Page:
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For sure, Seattle has transmitters all over the place. We live on the backside of a ridge, away from some of those, which makes those stations challenging, but we are line of sight to others. Having a rotator just seems like too much hassle, plus our neighbors look at our roof and I don’t want to burden them with too much visual clutter.

I’ve wondered if one of these might be better than the ST-2: winegard fm-high-definition-antenna

There aren’t local aerial installers here anymore.

I have started a one person campaign to get KEXP to bring back their uncompressed signal!

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Shame about no installers around anymore.
It’s slowly going that way in UK, internet TV services have killed off satellite, but terrestrial TV & radio, although a declining market, has left the better installers still around.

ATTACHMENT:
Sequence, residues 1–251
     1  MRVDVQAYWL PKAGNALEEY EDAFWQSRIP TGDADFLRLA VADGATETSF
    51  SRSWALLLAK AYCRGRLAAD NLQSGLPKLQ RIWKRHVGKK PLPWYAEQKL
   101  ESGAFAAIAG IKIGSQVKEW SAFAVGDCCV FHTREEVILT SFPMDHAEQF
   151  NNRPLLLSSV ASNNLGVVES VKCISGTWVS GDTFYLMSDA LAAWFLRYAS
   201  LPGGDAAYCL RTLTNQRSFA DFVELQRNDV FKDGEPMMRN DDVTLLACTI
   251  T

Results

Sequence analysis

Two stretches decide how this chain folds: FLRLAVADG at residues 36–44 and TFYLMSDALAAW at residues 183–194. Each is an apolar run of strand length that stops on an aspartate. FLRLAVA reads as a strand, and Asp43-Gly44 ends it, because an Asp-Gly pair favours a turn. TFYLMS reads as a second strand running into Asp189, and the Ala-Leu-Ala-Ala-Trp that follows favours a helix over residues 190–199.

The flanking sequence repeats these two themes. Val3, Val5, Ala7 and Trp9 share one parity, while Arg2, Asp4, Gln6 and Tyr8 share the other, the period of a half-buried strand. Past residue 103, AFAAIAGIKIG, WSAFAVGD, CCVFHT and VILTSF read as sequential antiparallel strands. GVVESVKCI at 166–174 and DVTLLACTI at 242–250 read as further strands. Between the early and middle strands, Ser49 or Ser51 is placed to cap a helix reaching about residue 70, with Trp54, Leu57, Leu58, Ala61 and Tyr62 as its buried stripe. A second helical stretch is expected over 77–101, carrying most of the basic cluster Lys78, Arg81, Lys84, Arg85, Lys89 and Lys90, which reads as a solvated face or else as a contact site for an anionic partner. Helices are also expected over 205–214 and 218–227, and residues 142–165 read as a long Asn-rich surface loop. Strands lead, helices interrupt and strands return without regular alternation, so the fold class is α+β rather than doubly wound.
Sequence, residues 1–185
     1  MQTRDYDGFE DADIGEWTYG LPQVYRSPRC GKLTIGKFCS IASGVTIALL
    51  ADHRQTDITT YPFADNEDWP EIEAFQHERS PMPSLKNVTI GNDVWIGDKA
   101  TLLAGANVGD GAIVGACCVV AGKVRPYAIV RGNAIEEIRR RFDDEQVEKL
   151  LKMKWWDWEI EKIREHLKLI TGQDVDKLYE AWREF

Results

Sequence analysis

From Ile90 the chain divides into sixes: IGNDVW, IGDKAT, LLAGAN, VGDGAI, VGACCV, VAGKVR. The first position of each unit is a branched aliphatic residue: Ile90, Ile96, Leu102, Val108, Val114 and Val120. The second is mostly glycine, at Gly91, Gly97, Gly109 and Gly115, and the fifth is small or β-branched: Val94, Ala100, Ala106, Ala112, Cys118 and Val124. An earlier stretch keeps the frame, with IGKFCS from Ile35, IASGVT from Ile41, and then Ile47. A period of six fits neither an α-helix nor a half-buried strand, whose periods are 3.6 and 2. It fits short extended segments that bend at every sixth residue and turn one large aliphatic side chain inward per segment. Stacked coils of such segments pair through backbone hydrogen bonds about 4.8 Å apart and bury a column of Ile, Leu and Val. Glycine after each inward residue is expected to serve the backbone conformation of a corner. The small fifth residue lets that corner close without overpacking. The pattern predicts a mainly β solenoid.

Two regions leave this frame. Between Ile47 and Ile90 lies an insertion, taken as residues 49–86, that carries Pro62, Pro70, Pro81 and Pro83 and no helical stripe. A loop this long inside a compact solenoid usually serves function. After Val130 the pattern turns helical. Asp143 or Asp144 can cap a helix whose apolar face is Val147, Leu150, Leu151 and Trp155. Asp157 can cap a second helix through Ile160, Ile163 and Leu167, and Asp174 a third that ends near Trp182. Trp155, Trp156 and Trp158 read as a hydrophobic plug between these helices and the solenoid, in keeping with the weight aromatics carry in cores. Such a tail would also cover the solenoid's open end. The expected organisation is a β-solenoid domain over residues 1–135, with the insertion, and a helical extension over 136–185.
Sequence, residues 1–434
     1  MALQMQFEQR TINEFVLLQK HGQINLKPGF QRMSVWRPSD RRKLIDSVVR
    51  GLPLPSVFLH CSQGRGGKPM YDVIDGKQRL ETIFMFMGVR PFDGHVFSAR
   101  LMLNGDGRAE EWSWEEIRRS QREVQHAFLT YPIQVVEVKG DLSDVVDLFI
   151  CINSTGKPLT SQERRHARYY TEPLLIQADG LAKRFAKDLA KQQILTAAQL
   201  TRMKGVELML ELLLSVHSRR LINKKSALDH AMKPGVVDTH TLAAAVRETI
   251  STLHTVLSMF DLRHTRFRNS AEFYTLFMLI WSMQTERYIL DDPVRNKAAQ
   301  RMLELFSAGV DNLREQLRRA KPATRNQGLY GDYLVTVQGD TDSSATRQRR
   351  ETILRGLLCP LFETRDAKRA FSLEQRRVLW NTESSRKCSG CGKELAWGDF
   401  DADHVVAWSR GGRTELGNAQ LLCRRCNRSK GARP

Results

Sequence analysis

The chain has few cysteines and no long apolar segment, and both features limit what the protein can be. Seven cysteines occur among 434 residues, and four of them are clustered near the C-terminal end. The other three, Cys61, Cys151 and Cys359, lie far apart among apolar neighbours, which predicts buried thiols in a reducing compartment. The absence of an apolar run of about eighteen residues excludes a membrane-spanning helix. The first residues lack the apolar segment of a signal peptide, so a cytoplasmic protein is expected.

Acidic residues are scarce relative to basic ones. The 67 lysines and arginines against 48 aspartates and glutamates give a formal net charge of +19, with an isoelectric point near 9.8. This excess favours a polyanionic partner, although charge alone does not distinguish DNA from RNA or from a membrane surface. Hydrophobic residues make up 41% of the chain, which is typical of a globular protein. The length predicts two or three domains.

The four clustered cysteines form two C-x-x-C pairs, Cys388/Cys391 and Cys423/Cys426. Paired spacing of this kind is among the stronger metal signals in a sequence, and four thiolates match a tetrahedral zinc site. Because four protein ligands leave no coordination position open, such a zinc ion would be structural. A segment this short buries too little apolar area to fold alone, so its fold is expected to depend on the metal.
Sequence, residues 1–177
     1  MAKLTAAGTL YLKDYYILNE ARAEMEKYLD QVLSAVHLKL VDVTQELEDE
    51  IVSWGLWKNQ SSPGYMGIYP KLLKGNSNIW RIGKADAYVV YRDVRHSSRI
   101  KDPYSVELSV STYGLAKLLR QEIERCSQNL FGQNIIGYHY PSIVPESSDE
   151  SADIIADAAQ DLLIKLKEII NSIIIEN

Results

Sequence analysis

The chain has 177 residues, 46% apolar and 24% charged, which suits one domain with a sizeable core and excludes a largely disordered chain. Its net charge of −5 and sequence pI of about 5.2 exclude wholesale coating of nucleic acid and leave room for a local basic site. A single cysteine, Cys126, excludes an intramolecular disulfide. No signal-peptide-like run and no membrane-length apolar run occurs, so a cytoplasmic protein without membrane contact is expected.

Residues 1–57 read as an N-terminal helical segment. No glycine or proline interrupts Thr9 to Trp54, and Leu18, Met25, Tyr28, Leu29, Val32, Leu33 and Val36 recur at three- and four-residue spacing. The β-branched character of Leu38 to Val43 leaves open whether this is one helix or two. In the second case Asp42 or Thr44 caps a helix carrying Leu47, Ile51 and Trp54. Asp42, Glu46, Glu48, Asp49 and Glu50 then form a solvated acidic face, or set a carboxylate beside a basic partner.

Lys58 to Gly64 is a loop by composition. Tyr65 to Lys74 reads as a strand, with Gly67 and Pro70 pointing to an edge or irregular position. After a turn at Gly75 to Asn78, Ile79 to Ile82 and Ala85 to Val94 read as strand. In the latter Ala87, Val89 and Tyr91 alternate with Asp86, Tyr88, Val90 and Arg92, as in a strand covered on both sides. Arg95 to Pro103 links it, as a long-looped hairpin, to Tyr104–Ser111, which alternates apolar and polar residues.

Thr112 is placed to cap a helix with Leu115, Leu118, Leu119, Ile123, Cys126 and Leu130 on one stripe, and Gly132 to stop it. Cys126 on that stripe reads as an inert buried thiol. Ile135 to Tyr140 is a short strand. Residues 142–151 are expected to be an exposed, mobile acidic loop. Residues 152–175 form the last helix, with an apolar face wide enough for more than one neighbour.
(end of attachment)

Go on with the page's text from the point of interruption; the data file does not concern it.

I doubt that the Winegard aerial will be better than the Dynalab, both are omnidirectional & have no gain as such.
However the Winegard will work better on horizontally polarised transmitters, the Dynalab on the other hand will be better on vertically polarised, both will work eq well on a mixed polarisation transmitter.
Web info such as Wikipedia might show what each transmitter is pushing out.

Thanks Mike - very helpful responses.

I just spent a part of a pleasant pre Thanksgiving morning looking at transmitter locations, and suddenly things became clear. All the stations we have trouble with are transmitted from towers in the Cascade foothills (Tiger Mountain). We are halfway down on the west side of Phinney Ridge, a 400’ high north/south lateral moraine.

KEXP, a terrific music station, transmits line of sight to us from a tower on Queen Anne Hill. I’m gonna redouble my uncompressed transmission campaign! (Highly recommended streaming, I know a lot of folks listen to it internationally).